We spent so much time making fun of the epic 200 AB home run draughts for various infielders, but I hadn’t realized that the Sox had so few hitters that cleared the 10 hr mark. The Sox big four are: Ortiz 38, Ramirez 33, Varitek 21 and Nixon 12. And after that there are a bunch of guys between 6-9 HR. The Sox have good to great OBP up and down the lineup, but the HR power is really heavily concentrated in just three players. For example, in last night’s lineup (basically the regular one these days) the big 3 of Ortiz-Ramirez-Varitek had 92 HR and the other six players combined for 50 HR.

Finally let’s look to see if Ortiz and Ramirez make a disproportionate percentage of the Sox team total. This table compares the percentage of HR by each team’s top 2 HR hitters.

SEA   43.6
BOS*  42.3
NYY*  35.4
CWS*  35.4
TOR   34.5
LAA*  33.6
MINN  31.9
KC    30.8
OAK*  30.3
TB    30.0
TEX   29.3
DET   28.1
BAL   27.4
CLE*  26.3

The Sox duo is definitely outside the norm. Seattle tops the Sox on a combination of one great HR hitter, Sexson, and an overall very low total, 12th in the league.

Most teams are in the 30-35% range. Amongst the playoff contenders the Sox are the heavily concentrated team at 42% and the Indians are the more distributed team at a league low 26%.

Again, most teams, good and bad, behave similarly, but there are also good teams at both extremes.

During the Yankees late 90s dynasty, there was a lot made of how poorly teams with single big HR hitters performed in the post-season. That was misconstrued to mean that HRs were overrated, but in fact the Yankees were a high HR team they just happened to distribute them more evenly throughout the lineup. They won lots of post-season games with HRs, it was just that they did it by often getting those HRs from guys with modest HR power, ie Brosius, O’Neill, Jeter.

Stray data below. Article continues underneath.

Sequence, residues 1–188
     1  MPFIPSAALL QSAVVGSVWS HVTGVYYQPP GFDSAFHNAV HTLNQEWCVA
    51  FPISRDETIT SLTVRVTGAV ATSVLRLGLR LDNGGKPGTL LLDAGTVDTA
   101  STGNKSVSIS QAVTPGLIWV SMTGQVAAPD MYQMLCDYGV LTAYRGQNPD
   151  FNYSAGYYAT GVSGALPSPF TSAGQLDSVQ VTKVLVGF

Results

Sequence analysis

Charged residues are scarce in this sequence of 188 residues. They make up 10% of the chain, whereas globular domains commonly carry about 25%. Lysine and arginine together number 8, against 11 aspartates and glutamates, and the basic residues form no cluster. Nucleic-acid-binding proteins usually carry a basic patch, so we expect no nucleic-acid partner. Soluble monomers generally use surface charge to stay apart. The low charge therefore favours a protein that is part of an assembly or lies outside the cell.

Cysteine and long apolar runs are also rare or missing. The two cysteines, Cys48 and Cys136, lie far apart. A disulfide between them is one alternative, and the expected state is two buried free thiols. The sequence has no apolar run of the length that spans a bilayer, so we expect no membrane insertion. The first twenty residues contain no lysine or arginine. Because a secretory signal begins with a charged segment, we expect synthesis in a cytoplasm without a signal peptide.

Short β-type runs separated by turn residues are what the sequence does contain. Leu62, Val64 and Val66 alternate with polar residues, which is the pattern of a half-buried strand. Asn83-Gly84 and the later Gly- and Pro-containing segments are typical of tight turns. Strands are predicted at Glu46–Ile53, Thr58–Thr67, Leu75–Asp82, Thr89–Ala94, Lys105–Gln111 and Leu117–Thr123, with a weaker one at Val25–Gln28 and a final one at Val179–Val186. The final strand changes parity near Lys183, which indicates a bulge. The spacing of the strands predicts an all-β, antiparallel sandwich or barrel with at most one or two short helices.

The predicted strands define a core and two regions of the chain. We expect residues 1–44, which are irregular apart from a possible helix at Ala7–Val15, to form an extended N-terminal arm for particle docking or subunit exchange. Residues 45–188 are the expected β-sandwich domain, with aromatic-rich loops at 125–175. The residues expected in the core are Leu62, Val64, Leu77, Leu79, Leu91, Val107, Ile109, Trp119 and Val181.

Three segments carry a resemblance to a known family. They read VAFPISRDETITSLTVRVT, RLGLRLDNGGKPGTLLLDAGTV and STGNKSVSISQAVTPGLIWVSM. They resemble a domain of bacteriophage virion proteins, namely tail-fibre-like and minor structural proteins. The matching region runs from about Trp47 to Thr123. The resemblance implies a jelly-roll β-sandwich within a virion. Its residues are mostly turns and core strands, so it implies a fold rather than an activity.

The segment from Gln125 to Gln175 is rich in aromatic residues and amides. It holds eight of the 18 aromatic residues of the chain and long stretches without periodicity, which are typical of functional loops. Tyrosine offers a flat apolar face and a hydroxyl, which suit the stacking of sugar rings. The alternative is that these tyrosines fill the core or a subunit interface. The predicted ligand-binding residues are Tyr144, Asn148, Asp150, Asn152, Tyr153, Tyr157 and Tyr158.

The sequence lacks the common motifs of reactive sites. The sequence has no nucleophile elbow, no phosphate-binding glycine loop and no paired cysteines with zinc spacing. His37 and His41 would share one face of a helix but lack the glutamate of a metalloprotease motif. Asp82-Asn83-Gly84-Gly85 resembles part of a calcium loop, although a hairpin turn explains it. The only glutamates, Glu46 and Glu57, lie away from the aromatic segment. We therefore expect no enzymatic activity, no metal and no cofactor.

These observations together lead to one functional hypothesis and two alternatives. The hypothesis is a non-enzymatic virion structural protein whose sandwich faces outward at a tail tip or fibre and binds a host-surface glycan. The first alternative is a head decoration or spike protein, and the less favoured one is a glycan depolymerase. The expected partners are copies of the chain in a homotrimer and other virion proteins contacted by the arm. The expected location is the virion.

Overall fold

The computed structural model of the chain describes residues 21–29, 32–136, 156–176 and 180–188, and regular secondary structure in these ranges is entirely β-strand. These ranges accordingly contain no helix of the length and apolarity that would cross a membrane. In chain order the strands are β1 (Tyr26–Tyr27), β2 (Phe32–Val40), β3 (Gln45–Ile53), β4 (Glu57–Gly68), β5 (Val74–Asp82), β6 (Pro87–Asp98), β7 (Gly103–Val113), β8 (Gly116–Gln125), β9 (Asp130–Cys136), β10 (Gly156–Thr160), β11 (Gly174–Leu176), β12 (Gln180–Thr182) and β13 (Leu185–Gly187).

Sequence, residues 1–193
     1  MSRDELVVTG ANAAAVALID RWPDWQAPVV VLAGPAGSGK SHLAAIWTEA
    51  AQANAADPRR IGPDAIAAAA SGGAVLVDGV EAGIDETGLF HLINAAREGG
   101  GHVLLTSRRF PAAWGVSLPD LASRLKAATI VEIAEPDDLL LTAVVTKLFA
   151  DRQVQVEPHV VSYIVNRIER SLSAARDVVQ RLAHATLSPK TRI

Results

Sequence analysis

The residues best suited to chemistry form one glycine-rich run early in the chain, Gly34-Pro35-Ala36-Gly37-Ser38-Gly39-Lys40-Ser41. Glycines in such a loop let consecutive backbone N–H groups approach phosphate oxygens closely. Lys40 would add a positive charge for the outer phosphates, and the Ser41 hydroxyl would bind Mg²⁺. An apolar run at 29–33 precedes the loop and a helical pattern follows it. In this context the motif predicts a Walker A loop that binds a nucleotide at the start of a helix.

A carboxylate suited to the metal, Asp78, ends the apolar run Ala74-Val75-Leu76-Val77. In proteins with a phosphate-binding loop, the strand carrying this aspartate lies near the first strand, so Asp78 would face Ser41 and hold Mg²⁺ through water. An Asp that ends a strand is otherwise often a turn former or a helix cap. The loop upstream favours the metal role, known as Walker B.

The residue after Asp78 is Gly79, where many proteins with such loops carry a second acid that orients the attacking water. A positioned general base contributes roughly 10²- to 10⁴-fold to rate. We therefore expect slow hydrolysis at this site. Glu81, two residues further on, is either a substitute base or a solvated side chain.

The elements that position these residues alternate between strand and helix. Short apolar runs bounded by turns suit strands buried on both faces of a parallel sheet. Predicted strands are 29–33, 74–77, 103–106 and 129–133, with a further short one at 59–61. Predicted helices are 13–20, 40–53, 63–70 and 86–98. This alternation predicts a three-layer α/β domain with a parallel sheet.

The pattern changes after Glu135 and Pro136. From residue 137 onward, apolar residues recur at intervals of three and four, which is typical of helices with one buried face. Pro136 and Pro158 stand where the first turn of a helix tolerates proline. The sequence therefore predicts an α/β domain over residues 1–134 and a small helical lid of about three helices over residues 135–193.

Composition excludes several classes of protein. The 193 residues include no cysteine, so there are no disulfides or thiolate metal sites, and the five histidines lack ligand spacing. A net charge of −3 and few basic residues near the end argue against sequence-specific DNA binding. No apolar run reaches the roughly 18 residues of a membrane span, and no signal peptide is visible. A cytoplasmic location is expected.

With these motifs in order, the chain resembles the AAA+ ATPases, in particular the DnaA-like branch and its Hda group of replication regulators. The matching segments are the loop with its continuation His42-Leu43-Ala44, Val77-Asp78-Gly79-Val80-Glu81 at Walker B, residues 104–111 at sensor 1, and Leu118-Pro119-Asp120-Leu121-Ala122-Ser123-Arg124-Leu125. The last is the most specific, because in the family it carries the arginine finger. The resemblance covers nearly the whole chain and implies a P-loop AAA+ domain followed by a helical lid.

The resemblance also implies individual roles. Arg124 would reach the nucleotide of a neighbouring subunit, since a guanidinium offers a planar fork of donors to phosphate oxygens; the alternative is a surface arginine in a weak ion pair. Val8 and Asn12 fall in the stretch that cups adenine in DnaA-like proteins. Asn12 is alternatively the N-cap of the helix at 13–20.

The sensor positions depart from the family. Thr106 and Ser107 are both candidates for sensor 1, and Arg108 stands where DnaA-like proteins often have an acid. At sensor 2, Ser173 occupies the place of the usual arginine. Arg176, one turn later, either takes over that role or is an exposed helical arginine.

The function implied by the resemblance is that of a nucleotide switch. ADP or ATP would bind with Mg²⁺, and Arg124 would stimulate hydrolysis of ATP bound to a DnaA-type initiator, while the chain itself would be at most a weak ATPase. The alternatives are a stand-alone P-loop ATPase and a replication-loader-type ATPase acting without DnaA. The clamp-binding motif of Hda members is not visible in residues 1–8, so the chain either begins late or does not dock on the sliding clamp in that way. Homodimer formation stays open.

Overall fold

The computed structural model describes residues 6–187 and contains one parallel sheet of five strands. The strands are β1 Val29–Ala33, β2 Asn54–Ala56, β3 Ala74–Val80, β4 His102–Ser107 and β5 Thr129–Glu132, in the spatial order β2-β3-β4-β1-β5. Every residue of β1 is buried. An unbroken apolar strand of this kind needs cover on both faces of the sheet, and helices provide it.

From that example – and not much more – I’ve always thought a more even distribution was preferable. If the main couple guys are held down, then there are several other players who can hit a big home run. The Sox, at least in the regular season, have been dependent on two guys to hit most of their home runs.

Good thing, he crosses his fingers making typing really, really hard, the Sox duo are unstoppable clutch gods.

#10 Worst Trade Evah


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Posted 10 September 2005 - 09:02 AM

As an offense scores marginal runs the team Wpct goes up dramatically through 5 runs and then starts to trail off.

<{POST_SNAPBACK}>


Very interesting, philly -- thank you. Along these lines, it's worth noting that the White Sox have a relatively large mode at 5 runs, which they've done 24 times. They have an oddly bimodal run distribution, with another chunk of 25 games with 2 runs -- but only 7 times with 3 runs this year, so 2, 3, 4, 5 runs account for 25, 7, 18, and 24 games, respectively. Just an odd fluke I guess -- an aspect of their fluky year. Most, but not all, teams have a more normal looking run distribution.